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Nassau BOCES - Instructional Technologies Transforming Education: How the Model Schools Program has Partnered with School Districts to Assist in a Pedagogical Shift

By Katherine Yodice, Nassau BOCES Program Specialist, Robert E. Lupinskie Center for Curriculum, Instruction and Technology, KYodice@nasboces.org and Matthew DiMenna, Nassau BOCES Program Coodinator, Robert E. Lupinskie Center for Curriculum, Instruction and Technology, MDiMenna@nasboces.org
 
The Nassau County educational community has developed a culture of collaboration and innovation which Nassau BOCES has been instrumental in cultivating. Within Nassau County, New York there are 56 public school districts that service a total of 219,560 students during the 2017-18 school year (Nassau Regional Information Center (RIC), 2017-18 data). As indicated in the Nassau BOCES Mission Statement, Nassau BOCES will “partner with all Nassau County school districts in providing leadership and the highest quality educational and support services” (About Us, 2018). Nassau BOCES strives to be that leader through facilitating collaboration between districts and highlighting the best educational practices.
 
Many of the Cooperative Services (CoSers) at Nassau BOCES, specifically within Curriculum and Instruction, focus on supporting the instruction of students. One such CoSer is the Digital Age Teaching and Education/Model Schools program. The goal of this program is “to provide targeted professional development for teachers… collaborate with school districts to help educators continue to improve by exploring new ways to design, [and to] deliver and evaluate instruction in the 21st century classroom” (Digital Age Teaching and Education Program Model Schools, 2018). It has been observed that the most effective professional development comes through collaborative planning, buy-in from all involved parties, and strong interpersonal relationship-building (especially between those training and those being trained), which ultimately leads to effective classroom instruction. The Digital Age Teaching and Education/Model Schools program supports 50 of the 56 school districts in Nassau County. These partnerships led to approximately 1,175 days of technology integration professional development conducted in the 2017-18 school year.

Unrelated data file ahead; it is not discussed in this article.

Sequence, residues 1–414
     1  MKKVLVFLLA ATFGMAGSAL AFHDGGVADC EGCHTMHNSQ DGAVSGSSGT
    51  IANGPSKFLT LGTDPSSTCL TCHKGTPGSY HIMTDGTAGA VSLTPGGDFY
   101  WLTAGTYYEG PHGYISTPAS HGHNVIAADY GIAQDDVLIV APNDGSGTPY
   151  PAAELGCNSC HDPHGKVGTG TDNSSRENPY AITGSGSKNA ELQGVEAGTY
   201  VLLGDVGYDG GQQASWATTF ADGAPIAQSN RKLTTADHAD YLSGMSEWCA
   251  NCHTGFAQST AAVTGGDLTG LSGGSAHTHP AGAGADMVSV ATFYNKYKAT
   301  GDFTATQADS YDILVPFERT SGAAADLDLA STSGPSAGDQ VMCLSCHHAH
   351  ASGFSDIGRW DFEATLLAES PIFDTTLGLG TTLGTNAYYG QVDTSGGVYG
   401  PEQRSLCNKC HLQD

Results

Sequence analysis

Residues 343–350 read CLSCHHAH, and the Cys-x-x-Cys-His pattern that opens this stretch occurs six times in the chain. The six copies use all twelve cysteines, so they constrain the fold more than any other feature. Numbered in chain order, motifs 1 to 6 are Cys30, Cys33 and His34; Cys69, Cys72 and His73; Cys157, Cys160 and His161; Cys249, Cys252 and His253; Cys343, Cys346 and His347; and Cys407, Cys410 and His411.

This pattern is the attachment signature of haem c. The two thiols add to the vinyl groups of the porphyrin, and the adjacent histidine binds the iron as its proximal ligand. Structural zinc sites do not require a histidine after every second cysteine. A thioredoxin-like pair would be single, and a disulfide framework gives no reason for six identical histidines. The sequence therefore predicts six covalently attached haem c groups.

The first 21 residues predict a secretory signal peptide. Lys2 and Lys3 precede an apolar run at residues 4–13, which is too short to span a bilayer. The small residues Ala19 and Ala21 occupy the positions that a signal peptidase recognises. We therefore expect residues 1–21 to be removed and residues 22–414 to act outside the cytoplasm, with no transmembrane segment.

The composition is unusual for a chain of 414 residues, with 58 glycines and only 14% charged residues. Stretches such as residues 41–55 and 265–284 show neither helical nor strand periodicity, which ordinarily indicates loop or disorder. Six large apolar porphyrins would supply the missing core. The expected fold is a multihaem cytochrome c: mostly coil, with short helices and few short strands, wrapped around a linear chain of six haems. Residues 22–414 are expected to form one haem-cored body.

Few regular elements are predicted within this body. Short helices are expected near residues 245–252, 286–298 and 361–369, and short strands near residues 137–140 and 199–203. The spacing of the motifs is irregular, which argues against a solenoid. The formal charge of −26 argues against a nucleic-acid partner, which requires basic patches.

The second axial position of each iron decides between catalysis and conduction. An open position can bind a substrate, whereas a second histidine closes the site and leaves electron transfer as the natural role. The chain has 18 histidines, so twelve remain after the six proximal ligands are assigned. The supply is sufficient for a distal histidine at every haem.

Professional development and teacher training is more than something we do to fill time; it is an essential component of effective instruction. The most difficult aspect of conducting professional development and teacher training is scheduling. Because of all the personal and professional pressures that educators face, most districts view the school day as the ideal time to advance teacher learning. With that said, the question of “how” often arises. In some cases, the most effective manner of training is to pull the educator from their classroom for the professional development and/or training. With instructional time being of paramount importance, school building and district leadership are often hesitant to remove teachers from their classrooms for these opportunities. For this reason, there is a growing trend within the Nassau County school community to make professional development more of a holistic experience, meaning that trainers and teachers work together to develop programs where the training is directly in line with the classroom instruction.

Trainers and teachers work together, delivering content to students to meet instructional goals while implementing innovative strategies never before possible. Many times, the SAMR (Substitution, Augmentation, Modification, Redefinition) model developed by Dr. Ruben Puentedura is used as a guide for these learning opportunities. In using the SAMR model, reasonable expectations are set in the use of instructional technology within a given lesson or unit of study. In some cases, the simple “substitution” of one instruction tool is made for an instructional technology without any functional change to the activity. While in other instances, a complete “redefinition” of the unit of study or lesson occurs which ultimately develops a learning experience for students that previously would have been impossible to accomplish. As the professional development opportunity progresses, modifications are made to the overall use of the instructional technologies while always being cognizant of the needs of the students and the educational standards which need to be met (Puentedura, 2018).